• This project also led to participation in the Luc Hoffmann Institute/World Wildlife Fund’s Biodiversity Revisited (2019-2021). Activities and publications included the Boston Biodiversity Talks and Seeds of Change: Provocations for a New Research Agenda, along with convenings in Vienna, Austria, and at the Rockefeller Center’s Bellagio Center in Italy, resulting in co-authored articles in Nature Sustainability and Conservation Biology, and an essay on "Reimagining Biodiversity Narratives and Pandemics" the LHI blog.

  • Related to material-digital forms includes an essay on "Intermedia Genres: Breathing Lessons in Changing Climates," Notre Dame Review, Summer/Fall 2019: part appears online, another part in print journal (also first presented in 2018 at &NOW Festival of New Writing, University of Notre Dame, IN).

  • Gretchen is teaching annual workshops on “Writing the Landscape” at the Oak Spring Garden Foundation in Virginia (October 2021, March 2022, stay tuned for dates in 2023). She is a Senior Lecturer in the Steve Hicks School of Social Work at The University of Texas at Austin, where she teaches "Literature & Environmental Justice: Reimagining Our Places in the World" and is a 2020-2022 fellow in UT's Humanities Institute focusing on Environmental Humanities.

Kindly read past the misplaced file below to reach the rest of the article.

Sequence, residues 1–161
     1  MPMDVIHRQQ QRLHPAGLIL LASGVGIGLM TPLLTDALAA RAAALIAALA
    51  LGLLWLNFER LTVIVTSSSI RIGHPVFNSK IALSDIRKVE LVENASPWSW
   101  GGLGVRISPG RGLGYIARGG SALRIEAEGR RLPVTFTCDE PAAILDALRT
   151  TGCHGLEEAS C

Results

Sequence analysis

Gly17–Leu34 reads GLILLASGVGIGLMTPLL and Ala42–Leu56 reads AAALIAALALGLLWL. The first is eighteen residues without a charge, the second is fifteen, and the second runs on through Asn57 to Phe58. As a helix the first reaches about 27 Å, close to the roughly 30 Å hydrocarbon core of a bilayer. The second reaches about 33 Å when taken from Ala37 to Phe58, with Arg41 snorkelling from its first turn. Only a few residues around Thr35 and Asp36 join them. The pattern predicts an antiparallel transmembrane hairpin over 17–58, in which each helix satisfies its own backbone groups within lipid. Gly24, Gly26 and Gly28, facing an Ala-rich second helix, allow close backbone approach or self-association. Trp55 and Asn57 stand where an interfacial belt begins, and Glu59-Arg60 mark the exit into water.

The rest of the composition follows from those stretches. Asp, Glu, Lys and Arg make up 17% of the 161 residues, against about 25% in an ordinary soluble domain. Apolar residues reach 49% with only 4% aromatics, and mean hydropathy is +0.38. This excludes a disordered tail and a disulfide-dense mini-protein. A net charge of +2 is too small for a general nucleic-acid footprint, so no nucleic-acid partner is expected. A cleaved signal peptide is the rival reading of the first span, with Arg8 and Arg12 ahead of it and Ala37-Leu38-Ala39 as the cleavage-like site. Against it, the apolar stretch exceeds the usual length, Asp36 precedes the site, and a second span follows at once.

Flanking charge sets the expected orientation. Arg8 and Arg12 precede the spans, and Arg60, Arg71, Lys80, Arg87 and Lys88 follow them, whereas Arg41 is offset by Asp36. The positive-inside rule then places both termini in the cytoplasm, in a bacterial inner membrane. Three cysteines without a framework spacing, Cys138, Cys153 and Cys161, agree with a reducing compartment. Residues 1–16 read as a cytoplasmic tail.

• Life in the Tar Seeps was supported by fellowships including the Annie Clark Tanner Fellowship from the University of Utah (2018-2019), writer & artist residencies at the Taft-Nicholson Center for Environmental Humanities in Montana (June 2018) and the Jan Michalski Foundation for Writing & Literature in Switzerland (May 2019), with presentations in related venues, also commended by Duke University’s Center for Documentary Studies (2019).

  • Many others have happened more ephemerally...

  • For my earlier research on material/digital books, see "This is -N-o-t- a Book: Melting Across Bounds," published in Journal of Artists' Books/JAB, Spring 2013.


* Heading inspired by Rebecca Solnit’s A Field Guide to Getting Lost

Background photograph © Gretchen Ernster Henderson, “Field Note: aerial flyover over Great Salt Lake mineral ponds,” GSL, Utah, 07/26/2015.

 

To explore Gretchen's other books, visit here.